Our dystopias are pretty tame compared to the dystopias of the imagination. But we still need them, these visions of the Inferno, these liaisons dangereuses of the heart. Because they drive us towards the light, towards the good, towards the possible, towards the future.
Things are not getting worse, Armageddon is not just around the corner and the world is not about to get really, really, horrible. We need new lenses to see the facts of life: things are not perfect, not by a long shot, but they are better than they have ever been. Don’t let anyone tell you differently. Tell them to get new lenses.
There are now two prevailing sets of ideas pushing against each other in the Nation of the Idea, two narratives competing for the American soul. Unless we come to understand why each side feels aggrieved by the other, unless we are willing to approach the enemies in our own household with honesty, humility and compassion, the American idea will not endure.
Seven years ago, she was homeless, addicted and lost. But she found one of those programs that is so out of fashion these days, and they helped her get sober and get a job. It’s not a great job: she starts her workday at 5:00 AM, makes the minimum wage, and she works really hard. There’s no extra money, and her idea of a great day is sitting at home, curled up on the couch, reading.
“I’m sorry,” she said. “It’s just that I keep hearing on the news where they are going to take away my insurance. I’m on the kidney transplant list and when they do that, I’m going to die. I don’t have any way to pay thousands of dollars for a new kidney. Why do they want to take away my insurance?”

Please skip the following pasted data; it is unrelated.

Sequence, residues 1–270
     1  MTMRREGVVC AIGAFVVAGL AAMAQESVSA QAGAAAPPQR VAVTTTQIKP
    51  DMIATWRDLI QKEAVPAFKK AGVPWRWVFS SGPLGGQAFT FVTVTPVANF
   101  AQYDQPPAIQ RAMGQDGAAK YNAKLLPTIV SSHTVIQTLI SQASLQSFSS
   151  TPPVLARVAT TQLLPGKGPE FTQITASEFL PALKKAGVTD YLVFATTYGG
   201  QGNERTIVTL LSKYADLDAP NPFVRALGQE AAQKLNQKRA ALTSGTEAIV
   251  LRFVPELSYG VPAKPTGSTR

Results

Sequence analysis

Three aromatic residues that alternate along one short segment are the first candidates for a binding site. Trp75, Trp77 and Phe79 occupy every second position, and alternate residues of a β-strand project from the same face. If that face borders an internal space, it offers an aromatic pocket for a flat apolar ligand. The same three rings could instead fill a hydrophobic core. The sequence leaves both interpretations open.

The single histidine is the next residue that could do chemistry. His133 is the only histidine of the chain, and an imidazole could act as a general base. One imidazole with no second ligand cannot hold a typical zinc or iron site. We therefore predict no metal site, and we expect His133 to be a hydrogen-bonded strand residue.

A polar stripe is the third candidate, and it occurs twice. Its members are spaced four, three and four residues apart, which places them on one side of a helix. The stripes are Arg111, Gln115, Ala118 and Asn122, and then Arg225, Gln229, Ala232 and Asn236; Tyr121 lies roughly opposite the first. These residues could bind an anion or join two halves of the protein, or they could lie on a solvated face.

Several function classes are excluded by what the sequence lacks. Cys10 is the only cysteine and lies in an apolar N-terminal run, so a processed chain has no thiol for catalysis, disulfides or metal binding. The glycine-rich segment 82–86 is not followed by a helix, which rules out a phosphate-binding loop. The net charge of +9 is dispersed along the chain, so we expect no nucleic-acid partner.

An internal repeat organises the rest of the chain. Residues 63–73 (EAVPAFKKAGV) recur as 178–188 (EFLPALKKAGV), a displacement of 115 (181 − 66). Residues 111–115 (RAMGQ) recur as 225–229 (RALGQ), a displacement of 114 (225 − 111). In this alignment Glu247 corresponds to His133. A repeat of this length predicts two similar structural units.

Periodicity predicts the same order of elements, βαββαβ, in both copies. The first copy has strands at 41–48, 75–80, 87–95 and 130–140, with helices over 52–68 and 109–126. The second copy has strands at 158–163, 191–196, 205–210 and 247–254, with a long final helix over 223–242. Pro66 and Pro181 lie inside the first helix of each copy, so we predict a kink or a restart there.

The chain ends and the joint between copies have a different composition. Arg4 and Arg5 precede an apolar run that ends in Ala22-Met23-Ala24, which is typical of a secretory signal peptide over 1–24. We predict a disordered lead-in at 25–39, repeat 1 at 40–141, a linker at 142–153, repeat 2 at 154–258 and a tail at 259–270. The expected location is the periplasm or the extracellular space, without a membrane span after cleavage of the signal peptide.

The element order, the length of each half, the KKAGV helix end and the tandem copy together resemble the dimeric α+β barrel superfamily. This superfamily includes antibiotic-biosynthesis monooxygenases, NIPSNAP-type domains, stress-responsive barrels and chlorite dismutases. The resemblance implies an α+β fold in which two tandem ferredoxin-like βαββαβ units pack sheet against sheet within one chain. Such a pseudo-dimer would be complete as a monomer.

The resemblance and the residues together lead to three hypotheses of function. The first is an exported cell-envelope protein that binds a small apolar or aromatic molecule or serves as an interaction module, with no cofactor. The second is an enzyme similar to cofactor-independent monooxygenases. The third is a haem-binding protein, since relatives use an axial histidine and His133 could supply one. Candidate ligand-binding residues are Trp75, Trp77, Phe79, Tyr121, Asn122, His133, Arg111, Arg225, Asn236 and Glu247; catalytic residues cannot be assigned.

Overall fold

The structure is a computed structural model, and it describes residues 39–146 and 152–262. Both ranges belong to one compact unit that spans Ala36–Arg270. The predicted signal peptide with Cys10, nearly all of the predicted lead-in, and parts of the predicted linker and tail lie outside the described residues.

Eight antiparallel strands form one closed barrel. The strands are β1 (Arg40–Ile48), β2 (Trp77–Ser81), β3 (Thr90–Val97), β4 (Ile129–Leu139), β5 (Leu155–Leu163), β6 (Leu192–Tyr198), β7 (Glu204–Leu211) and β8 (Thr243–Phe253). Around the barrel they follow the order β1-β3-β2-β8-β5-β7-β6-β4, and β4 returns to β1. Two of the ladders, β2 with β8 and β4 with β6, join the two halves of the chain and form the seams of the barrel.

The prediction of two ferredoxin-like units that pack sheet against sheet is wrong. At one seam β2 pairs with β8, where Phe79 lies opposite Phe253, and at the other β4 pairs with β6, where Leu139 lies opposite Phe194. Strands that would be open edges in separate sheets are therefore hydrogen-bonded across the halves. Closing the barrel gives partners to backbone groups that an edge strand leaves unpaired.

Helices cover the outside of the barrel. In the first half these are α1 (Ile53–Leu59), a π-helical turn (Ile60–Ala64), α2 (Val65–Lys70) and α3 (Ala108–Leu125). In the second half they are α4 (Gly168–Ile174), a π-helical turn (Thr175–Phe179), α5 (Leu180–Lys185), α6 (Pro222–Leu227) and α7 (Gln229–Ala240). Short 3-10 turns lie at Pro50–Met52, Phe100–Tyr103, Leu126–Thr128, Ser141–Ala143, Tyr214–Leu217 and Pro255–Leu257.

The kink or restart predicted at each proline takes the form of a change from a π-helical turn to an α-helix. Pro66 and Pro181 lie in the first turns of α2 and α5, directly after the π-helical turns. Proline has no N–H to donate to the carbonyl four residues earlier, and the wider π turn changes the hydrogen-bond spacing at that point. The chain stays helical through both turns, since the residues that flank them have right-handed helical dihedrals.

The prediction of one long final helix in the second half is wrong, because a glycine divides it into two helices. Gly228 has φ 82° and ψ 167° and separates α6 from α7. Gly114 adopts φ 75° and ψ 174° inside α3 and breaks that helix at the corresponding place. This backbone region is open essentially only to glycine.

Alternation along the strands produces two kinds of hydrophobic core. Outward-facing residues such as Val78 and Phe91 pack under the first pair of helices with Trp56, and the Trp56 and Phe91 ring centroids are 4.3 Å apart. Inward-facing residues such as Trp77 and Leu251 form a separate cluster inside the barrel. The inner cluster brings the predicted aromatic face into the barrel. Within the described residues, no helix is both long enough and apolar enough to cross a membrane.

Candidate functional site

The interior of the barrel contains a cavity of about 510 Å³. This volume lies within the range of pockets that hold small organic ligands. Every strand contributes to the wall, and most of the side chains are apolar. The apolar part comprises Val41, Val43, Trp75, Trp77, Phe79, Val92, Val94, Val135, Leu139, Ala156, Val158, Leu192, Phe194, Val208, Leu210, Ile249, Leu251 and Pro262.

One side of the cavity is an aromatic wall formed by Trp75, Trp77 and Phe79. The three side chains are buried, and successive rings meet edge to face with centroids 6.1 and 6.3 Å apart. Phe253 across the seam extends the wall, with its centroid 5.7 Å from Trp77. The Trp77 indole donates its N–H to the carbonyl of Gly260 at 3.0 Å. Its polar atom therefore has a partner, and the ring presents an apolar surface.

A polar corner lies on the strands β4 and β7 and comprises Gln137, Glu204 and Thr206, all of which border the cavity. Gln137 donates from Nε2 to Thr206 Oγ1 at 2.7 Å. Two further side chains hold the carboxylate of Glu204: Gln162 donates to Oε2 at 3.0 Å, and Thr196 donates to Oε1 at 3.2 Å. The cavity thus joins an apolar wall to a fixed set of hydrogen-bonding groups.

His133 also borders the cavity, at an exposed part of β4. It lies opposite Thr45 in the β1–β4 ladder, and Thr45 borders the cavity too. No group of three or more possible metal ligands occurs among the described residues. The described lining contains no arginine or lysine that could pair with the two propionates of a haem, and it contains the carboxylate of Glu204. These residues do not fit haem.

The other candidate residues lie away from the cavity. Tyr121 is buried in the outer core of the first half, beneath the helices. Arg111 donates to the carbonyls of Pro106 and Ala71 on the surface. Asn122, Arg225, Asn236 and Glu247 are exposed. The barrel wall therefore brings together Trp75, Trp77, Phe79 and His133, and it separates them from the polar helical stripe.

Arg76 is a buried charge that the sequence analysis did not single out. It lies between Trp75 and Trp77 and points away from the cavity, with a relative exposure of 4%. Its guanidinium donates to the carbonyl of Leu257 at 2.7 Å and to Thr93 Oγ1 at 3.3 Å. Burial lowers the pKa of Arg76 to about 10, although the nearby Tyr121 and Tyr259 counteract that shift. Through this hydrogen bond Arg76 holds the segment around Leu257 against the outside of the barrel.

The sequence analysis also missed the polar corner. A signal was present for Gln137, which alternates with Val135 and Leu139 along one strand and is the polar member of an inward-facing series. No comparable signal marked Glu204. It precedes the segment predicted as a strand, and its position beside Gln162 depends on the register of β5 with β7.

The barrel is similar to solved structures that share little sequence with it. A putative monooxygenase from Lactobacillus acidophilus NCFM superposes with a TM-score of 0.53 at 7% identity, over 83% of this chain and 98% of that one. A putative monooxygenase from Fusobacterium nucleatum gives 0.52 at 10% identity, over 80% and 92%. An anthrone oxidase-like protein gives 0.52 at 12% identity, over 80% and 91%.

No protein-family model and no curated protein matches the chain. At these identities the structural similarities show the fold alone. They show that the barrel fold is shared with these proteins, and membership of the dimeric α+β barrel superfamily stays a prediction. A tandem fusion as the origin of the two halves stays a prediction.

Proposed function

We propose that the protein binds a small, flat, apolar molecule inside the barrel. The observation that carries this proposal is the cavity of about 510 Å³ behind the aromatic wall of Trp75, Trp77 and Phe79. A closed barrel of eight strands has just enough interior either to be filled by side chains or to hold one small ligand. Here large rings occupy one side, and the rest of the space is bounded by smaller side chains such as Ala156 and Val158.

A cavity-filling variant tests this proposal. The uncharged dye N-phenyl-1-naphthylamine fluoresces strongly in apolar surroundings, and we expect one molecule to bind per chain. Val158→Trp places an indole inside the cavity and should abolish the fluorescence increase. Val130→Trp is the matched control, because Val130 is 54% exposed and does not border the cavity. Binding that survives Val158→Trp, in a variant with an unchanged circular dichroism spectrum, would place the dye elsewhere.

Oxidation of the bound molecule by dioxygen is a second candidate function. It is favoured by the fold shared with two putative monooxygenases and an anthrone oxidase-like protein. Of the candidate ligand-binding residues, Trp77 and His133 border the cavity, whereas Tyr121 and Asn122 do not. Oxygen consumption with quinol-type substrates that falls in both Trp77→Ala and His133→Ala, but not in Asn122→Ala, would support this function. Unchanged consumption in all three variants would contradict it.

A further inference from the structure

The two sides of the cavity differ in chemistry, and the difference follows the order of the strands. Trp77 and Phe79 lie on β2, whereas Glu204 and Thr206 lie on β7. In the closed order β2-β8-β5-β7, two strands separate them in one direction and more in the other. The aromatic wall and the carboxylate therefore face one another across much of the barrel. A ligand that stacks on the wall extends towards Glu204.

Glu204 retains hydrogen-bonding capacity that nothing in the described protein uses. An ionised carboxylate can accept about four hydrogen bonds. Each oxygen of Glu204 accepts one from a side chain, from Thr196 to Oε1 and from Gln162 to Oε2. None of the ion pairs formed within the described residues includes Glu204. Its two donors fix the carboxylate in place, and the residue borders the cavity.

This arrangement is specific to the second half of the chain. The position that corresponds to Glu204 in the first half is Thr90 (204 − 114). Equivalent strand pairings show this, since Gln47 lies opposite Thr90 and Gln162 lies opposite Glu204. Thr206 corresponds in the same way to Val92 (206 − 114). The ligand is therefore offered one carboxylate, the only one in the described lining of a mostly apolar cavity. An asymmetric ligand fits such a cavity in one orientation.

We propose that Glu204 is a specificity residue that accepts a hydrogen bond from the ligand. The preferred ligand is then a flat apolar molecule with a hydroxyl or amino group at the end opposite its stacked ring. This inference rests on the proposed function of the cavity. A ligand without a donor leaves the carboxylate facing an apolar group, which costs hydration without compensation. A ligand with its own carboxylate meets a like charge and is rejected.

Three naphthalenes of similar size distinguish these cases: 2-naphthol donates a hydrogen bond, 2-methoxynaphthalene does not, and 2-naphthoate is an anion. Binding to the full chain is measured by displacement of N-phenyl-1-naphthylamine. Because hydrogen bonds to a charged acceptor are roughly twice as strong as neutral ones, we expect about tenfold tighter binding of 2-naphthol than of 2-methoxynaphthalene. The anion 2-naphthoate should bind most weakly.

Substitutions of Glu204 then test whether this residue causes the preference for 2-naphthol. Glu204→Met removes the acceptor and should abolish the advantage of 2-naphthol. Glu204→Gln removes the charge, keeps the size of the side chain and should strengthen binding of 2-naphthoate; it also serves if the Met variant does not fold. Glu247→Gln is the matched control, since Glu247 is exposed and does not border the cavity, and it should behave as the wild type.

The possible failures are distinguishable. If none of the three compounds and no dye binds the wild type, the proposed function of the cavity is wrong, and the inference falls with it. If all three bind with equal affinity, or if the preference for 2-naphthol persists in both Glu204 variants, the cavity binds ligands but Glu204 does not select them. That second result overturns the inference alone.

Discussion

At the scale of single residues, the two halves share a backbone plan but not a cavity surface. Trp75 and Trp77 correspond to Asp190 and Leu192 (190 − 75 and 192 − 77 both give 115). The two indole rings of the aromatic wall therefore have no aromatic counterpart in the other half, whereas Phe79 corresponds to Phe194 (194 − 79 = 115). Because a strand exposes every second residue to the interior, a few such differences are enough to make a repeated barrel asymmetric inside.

According to the spiritual traditions, there is another source of light, an internal one. Jesus talked about the “lamp of the body,” which, when you are focused on the needs of the world and not external religious devotion or the pursuit of “treasure on earth,” shines out like a beacon of hope to a world badly in need of hope.
I’m tuning out, dropping out, and focusing back in on those things that matter: mindfulness, spiritual awareness, balance, hopefulness, peace and joy and especially, justice. This blog began as a personal account of my own struggle to do justice, love mercy and walk humbly (Micah 6:8) in the public square. I have been doing a terrible job at that of late. And I’m counting on Lent to help me get my own spiritual journey back on track.
I had breakfast this morning with one of South Carolina's leading liberals. Over coffee, oatmeal and pancakes at the Original Pancake House, we laughed in the way that people do at a wake, sadness tinging our jokes blue. She's not religious, not even spiritual, and believes that whatever bootstraps that our nation might have to … Continue reading A Hopey Changey Breakfast